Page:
4-H still developing new agricultural leaders, greater farm productivity
For the better part of a century, local 4-H Clubs have provided the glue that united rural youth in Wisconsin and fostered their interest in pursuing careers in agriculture.
It was 4-H that allowed youngsters, boys and girls alike, to 'learn by doing,' guided by caring adult supervisors and assisted by their fellow club members. Today, they continue to play a key role in helping develop the leadership skills of the next generation of Wisconsin's agricultural leaders.
4-H traces its founding back to 1902, when an Ohio school principal set out to promote vocational agriculture via out-of-school 'clubs.' A. B. Graham's idea was a formal activity for both boys and girls with regular meetings, projects, officers and record requirements. At first, the new organization was called 'The Tomato Club' or the 'Corn Growing Club.' The more familiar name came into being around 1911, with the adoption of the four-leaf clover emblem. The national 4-H organization was formed in 1914.
The beginning of what was to become 4-H in Wisconsin was initiated in the autumn of 1903, according to 'The Father of Wisconsin 4-H,' by Marjorie and William Gleason. That's when the son of wilderness settlers in Kewaunee, Ransom Asa Moore, who was also a farmer, lime kiln operator, rural school teacher, county school superintendent, agronomist and UW professor, set out to find some way to involve farm youth in better farming practices.
His idea was to get these youngsters to grow small plots with improved grain varieties on their home farms in order to demonstrate to their parents the potential economic advantages of growing better strains.
The 'hook,' if you will, was a contest open to farm boys under 20 years of age. All were given identical seed packets and encouraged to follow the growing instructions included. Grain from their plots was entered in the 'Great Youth Corn Growing Contest' held at the Richland County Fairgrounds, Sept. 27-30, 1904.
The fast-awakening interest in better farming practices among rural boys and girls was driven by several factors. The 1900-1910 period saw rising prices for farm commodities and, therefore, rising rural prosperity. Not only were farmers beginning to make more money, they also were emerging from frontier isolation. The crank telephone was becoming more common, rural free delivery was bringing the mail to their farms and even their milk was being picked up each morning.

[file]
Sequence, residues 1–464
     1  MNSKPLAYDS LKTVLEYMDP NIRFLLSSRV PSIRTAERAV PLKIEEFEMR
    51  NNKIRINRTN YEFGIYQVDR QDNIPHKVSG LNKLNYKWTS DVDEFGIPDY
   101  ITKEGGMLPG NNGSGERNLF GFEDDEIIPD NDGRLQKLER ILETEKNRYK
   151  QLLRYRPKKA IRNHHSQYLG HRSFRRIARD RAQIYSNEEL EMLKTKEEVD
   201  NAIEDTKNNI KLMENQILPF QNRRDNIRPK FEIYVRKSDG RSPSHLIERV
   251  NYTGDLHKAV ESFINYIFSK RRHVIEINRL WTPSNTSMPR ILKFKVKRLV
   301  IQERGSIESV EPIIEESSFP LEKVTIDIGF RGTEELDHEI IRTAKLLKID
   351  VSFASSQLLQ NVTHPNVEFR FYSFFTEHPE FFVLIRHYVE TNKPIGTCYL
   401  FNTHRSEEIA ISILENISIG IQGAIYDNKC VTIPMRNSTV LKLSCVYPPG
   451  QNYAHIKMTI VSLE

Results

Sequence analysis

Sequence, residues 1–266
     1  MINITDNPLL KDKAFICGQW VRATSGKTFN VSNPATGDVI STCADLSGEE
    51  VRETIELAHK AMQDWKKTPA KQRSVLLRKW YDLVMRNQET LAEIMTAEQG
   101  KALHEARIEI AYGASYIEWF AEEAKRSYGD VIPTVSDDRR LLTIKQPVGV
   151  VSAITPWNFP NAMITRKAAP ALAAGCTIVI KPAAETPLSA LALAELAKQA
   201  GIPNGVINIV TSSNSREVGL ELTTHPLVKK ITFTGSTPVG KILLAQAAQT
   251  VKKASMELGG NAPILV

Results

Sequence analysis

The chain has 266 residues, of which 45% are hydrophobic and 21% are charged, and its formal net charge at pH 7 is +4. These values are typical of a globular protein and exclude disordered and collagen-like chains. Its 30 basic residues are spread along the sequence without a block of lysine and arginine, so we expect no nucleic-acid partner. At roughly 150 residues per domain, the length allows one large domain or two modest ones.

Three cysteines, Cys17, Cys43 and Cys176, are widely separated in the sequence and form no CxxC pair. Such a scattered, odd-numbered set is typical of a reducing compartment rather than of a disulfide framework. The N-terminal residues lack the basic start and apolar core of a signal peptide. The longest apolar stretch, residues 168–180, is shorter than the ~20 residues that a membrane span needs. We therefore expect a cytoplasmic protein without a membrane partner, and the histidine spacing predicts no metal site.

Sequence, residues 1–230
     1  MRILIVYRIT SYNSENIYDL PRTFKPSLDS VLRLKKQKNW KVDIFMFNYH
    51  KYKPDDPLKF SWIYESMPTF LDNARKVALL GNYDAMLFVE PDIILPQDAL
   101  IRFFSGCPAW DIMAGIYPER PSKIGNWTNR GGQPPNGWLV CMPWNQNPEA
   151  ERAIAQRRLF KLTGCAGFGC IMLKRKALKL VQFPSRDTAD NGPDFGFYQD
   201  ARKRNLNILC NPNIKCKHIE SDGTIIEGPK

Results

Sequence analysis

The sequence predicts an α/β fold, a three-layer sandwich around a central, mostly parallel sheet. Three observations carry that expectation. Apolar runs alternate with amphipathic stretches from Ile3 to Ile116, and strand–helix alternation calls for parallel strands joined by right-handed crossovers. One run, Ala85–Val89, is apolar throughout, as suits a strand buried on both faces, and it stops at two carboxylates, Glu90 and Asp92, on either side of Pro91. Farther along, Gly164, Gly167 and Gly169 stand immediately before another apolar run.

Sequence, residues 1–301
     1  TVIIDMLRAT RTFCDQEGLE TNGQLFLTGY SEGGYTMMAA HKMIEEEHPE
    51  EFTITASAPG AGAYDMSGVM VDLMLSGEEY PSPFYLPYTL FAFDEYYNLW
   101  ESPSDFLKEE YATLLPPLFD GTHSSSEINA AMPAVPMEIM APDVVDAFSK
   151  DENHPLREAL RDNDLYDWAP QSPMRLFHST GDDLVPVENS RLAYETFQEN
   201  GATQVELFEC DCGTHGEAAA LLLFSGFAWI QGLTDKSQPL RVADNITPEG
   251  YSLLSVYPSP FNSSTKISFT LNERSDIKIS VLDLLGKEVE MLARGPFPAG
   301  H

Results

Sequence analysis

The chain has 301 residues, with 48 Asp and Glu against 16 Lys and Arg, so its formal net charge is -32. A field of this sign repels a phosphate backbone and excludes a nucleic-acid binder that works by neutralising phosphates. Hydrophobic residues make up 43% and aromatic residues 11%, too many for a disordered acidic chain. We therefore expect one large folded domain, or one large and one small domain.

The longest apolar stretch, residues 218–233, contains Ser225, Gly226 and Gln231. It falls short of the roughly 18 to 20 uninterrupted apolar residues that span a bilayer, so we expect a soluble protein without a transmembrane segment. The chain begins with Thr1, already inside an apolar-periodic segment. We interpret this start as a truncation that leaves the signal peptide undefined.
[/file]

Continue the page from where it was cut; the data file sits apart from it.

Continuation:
Meanwhile, various county-sponsored agricultural fairs were soaring in popularity. By 1910, some $16,000 in cash prizes was awarded in corn-growing contests at 45 Wisconsin county fairs (that's the equivalent of nearly $390,000 in today's currency). The movement was succeeding beyond expectations, and the word quickly spread.
A local institution
4-H quickly became one of the most popular activities for children growing up on Wisconsin farms. The 4-H experiences of boys and girls in Couillardville, the small farming community a few miles west of Oconto along the Oconto River, were typical of the role that 4-H played for thousands of rural youth in every corner of the state.
Their activities are documented in 'Machine Shed Memories. A Chronicle of Rural Life in Wisconsin,' co-authored by Medford and Leon Janssen, himself a member of the Couillardville 4-H Club in the late 1940s and 1950s.
Though the Couillardville 4-H chapter wasn't founded until 1942, it immediately became a 'local institution' that introduced area youngsters to a variety of activities related to improving life on the farm. Both boys and girls actively pursued projects related to raising farm animals and the art of showing them to best advantage at the Oconto County Youth Fair in Gillett.